By Martin Dimitrov
Following a row over the proposed sale of the energy company CEZ to a small family group, Bulgarian MPs have given the country’s energy and water regulatory commission the last say in such deals.
Bulgaria’s parliament on Wednesday amended energy legislation to give the country’s Energy and Water Regulatory Commission, KEVR, the final say on the sales of 20 or more per cent of any gas or electrical distribution company operating in the country.
The amendments were proposed by the United Patriots coalition, the junior partner of the ruling GERB party of PM Boyko Borissov. They were also backed by the opposition Bulgarian Socialist Party, BSP.
In February, the government was unable to stop an unpopular deal that would have transferred the majority stake of the largest energy distribution company in Bulgaria, CEZ, into the hands of the small family-owned company, Inercom Group.
The chair of parliament’s energy committee, GERB deputy Delyan Dobrev, told parliament on Wednesday that the changes did not give any new prerogatives to KEVR, but only clarified the commission’s role in approving energy deals.
In practice, until now, KEVR could only block a deal if it clearly prevented energy distribution companies from meeting the terms of their operating licences.
Now it will have the final say in any deal in which a substantial stake of an energy business is transferred.
CEZ spokesperson Alice Horakova called the decision is “disturbing”, accusing MPs of “seeking to influence the course of an already concluded transaction”.
On the specialized energy website 3e-news on Monday, she said CEZ had already filed an administrative claim against the Bulgarian competition commission, CPC, over its July decision to ban the sale of the company to the family-owned business of Ginka Varbakova.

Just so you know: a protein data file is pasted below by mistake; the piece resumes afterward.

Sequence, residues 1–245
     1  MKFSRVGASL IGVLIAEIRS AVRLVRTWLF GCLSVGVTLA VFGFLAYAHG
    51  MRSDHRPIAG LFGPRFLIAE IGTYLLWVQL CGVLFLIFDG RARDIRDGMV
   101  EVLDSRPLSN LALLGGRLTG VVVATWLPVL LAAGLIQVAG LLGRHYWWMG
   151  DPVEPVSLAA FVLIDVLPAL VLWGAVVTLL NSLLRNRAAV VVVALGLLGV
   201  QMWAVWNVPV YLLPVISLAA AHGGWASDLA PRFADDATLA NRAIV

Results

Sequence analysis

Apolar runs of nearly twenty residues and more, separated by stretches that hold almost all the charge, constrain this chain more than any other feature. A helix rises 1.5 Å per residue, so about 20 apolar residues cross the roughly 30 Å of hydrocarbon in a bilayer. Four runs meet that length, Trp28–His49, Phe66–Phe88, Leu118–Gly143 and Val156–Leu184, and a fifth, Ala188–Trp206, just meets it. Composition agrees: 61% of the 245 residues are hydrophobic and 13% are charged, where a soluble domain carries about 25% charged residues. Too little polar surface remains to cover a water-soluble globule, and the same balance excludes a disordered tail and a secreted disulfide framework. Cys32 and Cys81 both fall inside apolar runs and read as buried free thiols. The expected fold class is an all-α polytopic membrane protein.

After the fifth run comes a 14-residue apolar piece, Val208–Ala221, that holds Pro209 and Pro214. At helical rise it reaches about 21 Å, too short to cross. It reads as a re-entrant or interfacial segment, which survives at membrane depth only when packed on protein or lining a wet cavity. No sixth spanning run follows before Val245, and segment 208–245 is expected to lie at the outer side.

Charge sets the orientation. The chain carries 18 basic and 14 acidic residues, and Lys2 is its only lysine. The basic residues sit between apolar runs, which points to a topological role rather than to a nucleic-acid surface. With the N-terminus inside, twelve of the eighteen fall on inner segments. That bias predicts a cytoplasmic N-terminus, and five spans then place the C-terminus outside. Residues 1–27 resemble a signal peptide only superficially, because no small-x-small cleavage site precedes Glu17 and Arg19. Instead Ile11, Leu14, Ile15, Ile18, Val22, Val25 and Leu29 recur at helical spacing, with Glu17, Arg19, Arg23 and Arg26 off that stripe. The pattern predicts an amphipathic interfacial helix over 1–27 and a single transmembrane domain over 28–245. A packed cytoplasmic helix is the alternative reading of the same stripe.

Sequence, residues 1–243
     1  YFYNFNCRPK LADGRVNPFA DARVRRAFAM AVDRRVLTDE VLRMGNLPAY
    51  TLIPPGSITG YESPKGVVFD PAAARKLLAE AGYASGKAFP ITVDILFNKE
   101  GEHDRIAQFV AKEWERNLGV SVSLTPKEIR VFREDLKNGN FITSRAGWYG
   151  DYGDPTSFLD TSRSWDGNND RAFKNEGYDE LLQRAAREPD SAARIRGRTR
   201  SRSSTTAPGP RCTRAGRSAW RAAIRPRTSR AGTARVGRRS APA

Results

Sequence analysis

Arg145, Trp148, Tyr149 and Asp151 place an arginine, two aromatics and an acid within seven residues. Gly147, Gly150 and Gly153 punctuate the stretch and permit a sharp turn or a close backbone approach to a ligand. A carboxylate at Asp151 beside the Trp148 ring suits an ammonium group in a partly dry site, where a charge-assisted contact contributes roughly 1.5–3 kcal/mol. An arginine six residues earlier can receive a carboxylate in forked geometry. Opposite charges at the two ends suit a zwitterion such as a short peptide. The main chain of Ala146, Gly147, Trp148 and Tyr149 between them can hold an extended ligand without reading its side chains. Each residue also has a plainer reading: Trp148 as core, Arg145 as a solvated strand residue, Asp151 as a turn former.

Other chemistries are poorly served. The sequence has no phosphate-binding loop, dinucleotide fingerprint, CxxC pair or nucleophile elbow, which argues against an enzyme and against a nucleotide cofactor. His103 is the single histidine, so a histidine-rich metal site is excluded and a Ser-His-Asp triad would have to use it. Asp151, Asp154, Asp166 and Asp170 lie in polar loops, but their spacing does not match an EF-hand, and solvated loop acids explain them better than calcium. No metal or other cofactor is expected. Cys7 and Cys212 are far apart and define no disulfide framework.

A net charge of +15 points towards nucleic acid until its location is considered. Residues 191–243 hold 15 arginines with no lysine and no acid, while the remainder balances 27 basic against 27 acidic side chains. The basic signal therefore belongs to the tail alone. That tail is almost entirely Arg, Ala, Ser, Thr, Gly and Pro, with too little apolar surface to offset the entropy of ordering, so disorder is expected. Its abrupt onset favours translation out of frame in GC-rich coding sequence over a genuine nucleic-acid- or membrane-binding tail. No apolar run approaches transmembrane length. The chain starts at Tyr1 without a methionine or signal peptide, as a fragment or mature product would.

The CPC claimed Varbakova would gain excessive power on the market if she was allowed to buy buy CEZ’s assets.
Horakova called the reasoning of the watchdog “inadequate”. Both CEZ and Inercom Group have appealed to the Supreme Administrative Court over the decision.
Varbakova announced on 21 September that her firm had sold its photovoltaic business in order to address the concerns of the competition authority, which has blocked the acquisition.
Horakova also told 3e-news that CEZ is analysing whether “these actions by the Bulgarian state… do not violate the principles of investment protection that can be enforced by arbitration.”
The company is considering filing a complaint with the European Commission, she added.
This would be the second arbitration case between CEZ and the Bulgarian state.
In 2016, after years of problematic relations with Bulgaria, CEZ Group filed a Request for Arbitration against the Bulgarian state with the International Centre for Settlement of Investment Disputes, ICSID, citing “Bulgaria’s failure to observe the investment protection provisions of the Energy Charter Treaty”.
It acted thus after the Bulgarian authorities’ regulations of energy pricing turned out to not have not been “in line with the expectations at the time of the privatization process”, the company announced.
According to the Czech firm, this had caused a decline in its profits, or losses, and the low liquidity of its Bulgarian business.